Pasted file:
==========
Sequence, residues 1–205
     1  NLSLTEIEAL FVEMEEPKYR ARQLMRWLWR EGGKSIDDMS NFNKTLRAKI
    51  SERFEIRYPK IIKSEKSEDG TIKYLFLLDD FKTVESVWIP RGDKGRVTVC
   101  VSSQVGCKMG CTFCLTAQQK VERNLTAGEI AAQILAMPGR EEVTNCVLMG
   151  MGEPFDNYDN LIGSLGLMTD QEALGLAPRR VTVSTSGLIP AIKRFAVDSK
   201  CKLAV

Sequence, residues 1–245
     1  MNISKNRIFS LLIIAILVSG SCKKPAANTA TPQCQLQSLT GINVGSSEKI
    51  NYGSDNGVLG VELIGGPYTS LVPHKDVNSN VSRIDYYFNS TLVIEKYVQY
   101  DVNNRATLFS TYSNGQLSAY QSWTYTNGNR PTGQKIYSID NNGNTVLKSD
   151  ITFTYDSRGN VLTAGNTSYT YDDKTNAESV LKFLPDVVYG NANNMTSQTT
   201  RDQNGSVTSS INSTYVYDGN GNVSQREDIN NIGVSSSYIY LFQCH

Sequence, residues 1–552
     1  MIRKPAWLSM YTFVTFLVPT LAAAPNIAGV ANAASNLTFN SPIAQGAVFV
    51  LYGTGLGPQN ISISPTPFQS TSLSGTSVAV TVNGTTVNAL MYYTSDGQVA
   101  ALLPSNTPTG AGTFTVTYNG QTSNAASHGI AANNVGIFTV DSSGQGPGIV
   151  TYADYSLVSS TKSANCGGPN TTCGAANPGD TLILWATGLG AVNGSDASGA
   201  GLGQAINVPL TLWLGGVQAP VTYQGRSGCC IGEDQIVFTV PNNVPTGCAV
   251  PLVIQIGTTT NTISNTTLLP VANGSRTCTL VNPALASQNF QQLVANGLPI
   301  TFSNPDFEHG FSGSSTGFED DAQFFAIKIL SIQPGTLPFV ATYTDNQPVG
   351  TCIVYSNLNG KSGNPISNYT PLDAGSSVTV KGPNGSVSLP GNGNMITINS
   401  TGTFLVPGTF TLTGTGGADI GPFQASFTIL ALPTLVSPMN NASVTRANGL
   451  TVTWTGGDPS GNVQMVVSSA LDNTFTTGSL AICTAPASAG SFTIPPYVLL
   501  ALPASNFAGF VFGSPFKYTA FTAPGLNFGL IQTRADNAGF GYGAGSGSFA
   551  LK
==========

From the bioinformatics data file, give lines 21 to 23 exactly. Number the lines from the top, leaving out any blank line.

   351  TCIVYSNLNG KSGNPISNYT PLDAGSSVTV KGPNGSVSLP GNGNMITINS
   401  TGTFLVPGTF TLTGTGGADI GPFQASFTIL ALPTLVSPMN NASVTRANGL
   451  TVTWTGGDPS GNVQMVVSSA LDNTFTTGSL AICTAPASAG SFTIPPYVLL